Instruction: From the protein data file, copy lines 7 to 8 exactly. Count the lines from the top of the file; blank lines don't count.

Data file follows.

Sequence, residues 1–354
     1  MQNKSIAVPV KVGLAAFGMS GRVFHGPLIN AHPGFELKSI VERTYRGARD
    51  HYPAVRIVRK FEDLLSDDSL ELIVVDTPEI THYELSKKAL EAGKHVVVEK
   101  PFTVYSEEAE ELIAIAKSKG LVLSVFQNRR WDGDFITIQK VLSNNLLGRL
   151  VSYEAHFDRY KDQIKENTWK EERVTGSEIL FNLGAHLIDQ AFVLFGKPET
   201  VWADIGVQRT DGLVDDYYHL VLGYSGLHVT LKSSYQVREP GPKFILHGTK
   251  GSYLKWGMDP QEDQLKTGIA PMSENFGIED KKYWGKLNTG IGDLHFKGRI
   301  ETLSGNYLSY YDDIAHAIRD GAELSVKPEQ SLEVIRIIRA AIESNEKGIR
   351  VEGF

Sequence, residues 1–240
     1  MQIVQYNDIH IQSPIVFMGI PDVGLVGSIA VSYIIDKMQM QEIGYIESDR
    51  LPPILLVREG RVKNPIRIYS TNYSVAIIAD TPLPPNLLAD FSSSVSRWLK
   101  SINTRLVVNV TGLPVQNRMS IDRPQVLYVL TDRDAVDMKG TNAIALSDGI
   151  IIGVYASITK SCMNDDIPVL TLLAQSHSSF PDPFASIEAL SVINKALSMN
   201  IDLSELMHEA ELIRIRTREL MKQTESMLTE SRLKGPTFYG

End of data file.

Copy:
   251  GSYLKWGMDP QEDQLKTGIA PMSENFGIED KKYWGKLNTG IGDLHFKGRI
   301  ETLSGNYLSY YDDIAHAIRD GAELSVKPEQ SLEVIRIIRA AIESNEKGIR